1. Loss of revenue: 66% of organizations reported significant loss of revenue following a ransomware attack
  2. Employee layoffs: 29% reported being forced to lay off employees due to financial pressures following a ransomware attack
  3. Business closures:  26% of organizations reported that a ransomware attack forced the business to close operations entirely for some period of time

These vulnerabilities will continue to worsen in the foreseeable future, as remote working becomes the norm among various businesses including SMEs. With a growing remote workforce that is logging in from home or from public spaces with Wi-Fi access, employers bear the brunt when cyber-criminals exploit these unsecured loopholes that widen the attack surface and increase both short-term and long-term business risks.

What strategies and solutions can SMEs adopt to address these challenges?

Chan: As Dr. Vivian Balakrishnan, Singapore’s Foreign Minister (who was also the Minister-in-Charge of the Smart Nation Initiative then) shared at an event in April 2021: “Today, if you are still dependent on signature-based detection like your standard anti-virus software, you’re almost not protected at all.”

To protect your business from any form of cyber-attacks, your cybersecurity infrastructure must operate at 100% efficiency at all times. Akin to defending physical borders with sentries and guards, your defense against your enterprise’s digital borders must be able to recognize and defend against every threat that comes your way. However, it only takes one successful incursion to wreak havoc on the entire system.

However, many cybersecurity solutions employed in the current market, such as anti-virus software, still need to be able to identify and recognize the threats before they act. To do this, they must rely on constant updates to identify the latest threats, and failure to do so could invite unknown actors to exploit the system’s vulnerabilities and cause irreparable damage. At the rate new viruses and cybercrime methods are emerging, this is a never-ending race in which current software and signature-based protection just cannot keep pace with.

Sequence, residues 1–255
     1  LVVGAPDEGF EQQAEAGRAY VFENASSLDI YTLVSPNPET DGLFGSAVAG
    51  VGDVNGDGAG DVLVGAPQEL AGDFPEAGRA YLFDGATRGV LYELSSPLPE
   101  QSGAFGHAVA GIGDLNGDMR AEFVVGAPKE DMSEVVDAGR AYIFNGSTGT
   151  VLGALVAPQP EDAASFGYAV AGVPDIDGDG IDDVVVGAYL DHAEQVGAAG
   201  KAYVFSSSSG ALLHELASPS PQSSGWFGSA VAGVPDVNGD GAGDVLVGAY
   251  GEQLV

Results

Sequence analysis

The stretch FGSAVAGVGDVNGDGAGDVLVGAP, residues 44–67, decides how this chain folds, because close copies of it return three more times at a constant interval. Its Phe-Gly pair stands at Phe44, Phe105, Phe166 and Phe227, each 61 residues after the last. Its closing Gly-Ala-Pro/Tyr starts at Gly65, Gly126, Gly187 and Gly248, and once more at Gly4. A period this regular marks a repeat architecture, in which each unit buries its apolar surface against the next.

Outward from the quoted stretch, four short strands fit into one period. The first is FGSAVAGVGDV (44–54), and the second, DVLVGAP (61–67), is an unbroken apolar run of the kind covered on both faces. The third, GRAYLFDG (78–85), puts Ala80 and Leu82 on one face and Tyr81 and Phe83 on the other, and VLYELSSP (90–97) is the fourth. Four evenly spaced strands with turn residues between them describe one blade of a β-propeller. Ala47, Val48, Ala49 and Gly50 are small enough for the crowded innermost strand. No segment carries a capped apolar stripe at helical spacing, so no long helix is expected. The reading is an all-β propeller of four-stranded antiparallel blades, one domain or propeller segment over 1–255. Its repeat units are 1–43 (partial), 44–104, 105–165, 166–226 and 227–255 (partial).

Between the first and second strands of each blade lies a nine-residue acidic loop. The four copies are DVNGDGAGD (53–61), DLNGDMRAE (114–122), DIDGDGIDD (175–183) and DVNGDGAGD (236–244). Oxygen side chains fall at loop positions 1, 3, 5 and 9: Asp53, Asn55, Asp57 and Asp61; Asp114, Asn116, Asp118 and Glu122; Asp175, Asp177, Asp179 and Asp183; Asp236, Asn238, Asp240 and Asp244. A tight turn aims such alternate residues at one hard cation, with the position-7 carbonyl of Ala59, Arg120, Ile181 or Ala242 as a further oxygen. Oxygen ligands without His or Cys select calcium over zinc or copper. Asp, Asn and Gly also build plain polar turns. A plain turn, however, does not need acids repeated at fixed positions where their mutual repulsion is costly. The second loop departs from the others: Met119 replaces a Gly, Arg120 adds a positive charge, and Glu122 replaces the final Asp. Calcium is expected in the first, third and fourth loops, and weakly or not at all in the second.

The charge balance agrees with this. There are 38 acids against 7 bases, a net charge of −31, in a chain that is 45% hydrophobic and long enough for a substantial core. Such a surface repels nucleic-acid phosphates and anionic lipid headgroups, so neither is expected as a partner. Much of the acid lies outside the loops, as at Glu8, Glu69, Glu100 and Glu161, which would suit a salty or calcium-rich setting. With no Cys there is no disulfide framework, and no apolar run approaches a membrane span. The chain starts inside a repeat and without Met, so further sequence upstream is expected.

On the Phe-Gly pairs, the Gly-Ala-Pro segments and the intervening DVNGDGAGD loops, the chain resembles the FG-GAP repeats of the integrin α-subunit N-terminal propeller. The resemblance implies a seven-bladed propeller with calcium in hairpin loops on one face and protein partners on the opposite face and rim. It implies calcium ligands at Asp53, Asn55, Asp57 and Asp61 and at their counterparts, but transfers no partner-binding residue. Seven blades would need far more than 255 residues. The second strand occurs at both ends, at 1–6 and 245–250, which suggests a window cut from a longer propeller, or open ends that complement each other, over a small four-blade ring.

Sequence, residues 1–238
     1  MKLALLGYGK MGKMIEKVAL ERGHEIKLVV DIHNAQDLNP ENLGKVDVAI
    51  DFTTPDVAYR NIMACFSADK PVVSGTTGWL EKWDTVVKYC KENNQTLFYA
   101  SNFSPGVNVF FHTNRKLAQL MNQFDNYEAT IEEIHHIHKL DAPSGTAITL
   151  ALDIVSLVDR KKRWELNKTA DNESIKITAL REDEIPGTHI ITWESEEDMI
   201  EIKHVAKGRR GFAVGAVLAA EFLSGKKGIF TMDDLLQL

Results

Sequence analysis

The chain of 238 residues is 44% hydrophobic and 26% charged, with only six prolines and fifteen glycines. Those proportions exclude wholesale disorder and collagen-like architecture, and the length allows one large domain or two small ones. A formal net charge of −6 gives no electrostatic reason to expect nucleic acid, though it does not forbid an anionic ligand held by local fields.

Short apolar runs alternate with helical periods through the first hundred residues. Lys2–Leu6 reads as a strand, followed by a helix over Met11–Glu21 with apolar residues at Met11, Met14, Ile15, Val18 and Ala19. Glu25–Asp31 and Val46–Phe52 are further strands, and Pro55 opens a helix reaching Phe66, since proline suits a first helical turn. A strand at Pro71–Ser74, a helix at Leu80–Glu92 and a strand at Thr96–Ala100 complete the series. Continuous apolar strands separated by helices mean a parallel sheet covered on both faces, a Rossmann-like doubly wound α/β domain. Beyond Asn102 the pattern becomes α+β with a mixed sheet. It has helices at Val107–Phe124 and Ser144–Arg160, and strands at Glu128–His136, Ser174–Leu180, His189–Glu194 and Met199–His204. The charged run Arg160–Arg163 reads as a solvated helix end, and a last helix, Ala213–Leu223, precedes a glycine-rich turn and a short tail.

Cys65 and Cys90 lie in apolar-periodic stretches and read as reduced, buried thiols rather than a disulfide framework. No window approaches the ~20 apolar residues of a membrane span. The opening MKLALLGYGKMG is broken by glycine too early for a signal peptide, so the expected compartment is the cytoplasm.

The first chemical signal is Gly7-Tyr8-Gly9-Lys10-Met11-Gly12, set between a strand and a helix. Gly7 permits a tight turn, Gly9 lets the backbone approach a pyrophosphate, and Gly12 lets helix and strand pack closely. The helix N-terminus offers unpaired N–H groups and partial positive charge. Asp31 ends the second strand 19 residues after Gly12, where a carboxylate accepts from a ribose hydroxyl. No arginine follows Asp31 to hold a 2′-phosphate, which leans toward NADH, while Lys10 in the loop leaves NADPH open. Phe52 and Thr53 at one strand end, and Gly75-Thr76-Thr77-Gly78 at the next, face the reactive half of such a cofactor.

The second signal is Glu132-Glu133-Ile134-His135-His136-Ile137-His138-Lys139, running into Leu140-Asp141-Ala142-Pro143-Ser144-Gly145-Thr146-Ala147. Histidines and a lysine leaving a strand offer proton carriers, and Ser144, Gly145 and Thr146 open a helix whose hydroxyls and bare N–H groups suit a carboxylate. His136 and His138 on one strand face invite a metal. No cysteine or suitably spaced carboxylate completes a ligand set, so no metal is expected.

For SMEs looking to strengthen their cybersecurity stance, a plethora of resources and support for SMEs to adopt cybersecurity solutions and best practices to safeguard their critical data and business operations are available. For instance, SMEs in Singapore can approach agencies like the Cyber Security Agency of Singapore (CSA) to learn of the latest offerings in this area that can help address their cybersecurity needs in a meaningful and sustainable way.

What steps should they take to clear these roadblocks to implementing a robust cyber-defense, using Singapore as an example?

Chan: For SME owners based in Singapore, the first step is to approach local trusted cybersecurity agencies, like CSA, for advice in strengthening your business’ cyber-defense posture. With their guidance and recommendations, business owners can have a cybersecurity audit done to identify any existing problem areas in their infrastructure. This ties back to helping business owners build greater understanding and awareness of their current architecture, as well as the growing relevance and importance of cybersecurity in today’s digitally connected world.  

Next, business owners can approach Infocomm Media Development Authority (IMDA) to seek out readily available solutions and their eligibility for government grants to help defray the costs of building their cybersecurity infrastructure. This can be helpful in alleviating the financial constraints that SMEs are often faced with.

Finally, business owners may also consider tapping on initiatives and programs designed to grow and nurture their tech talent pool. For instance, SMEs can explore and tap on Enterprise Singapore’s Capability Development Grants for Human Capital Development to help nurture and retain the right in-house talent to build and maintain their cybersecurity infrastructure.

For SMEs outside of Singapore, you can look for similar government agencies in your own country to see how they can help you address these three hurdles of Awareness, Cost, and Talent,as you look to protect your business data and operations from cyber-attacks.

SMEs need to ACT upon crossing these obstacles, so that they can have greater clarity on how to protect their business against cybersecurity challenges in an effective and sustainable manner, and focus on their true business objectives with a greater peace of mind.